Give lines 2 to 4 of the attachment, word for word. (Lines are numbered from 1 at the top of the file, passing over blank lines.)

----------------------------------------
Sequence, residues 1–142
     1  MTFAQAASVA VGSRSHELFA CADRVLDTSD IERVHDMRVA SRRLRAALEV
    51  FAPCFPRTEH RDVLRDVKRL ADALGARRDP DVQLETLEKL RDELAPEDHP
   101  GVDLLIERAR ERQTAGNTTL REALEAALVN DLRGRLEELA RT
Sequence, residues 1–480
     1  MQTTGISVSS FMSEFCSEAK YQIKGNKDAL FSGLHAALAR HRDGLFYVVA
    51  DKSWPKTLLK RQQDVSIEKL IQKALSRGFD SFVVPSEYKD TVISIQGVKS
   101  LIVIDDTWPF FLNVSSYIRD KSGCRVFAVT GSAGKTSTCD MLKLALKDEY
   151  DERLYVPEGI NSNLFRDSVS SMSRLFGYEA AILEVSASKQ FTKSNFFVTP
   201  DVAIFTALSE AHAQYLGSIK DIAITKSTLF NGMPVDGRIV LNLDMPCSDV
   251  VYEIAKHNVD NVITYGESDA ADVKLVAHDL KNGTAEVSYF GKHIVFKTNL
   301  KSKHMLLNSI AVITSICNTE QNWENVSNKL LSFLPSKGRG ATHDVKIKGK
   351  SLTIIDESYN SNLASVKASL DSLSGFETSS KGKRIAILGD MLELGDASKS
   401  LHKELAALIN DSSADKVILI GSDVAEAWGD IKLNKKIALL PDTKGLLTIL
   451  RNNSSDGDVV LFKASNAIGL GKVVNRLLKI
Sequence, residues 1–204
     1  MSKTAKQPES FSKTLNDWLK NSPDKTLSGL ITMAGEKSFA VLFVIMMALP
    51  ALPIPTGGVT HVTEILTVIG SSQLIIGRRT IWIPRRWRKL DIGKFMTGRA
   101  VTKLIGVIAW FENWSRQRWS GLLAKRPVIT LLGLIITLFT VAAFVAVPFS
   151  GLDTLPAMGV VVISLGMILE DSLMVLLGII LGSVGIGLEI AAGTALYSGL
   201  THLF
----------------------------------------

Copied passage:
     1  MTFAQAASVA VGSRSHELFA CADRVLDTSD IERVHDMRVA SRRLRAALEV
    51  FAPCFPRTEH RDVLRDVKRL ADALGARRDP DVQLETLEKL RDELAPEDHP
   101  GVDLLIERAR ERQTAGNTTL REALEAALVN DLRGRLEELA RT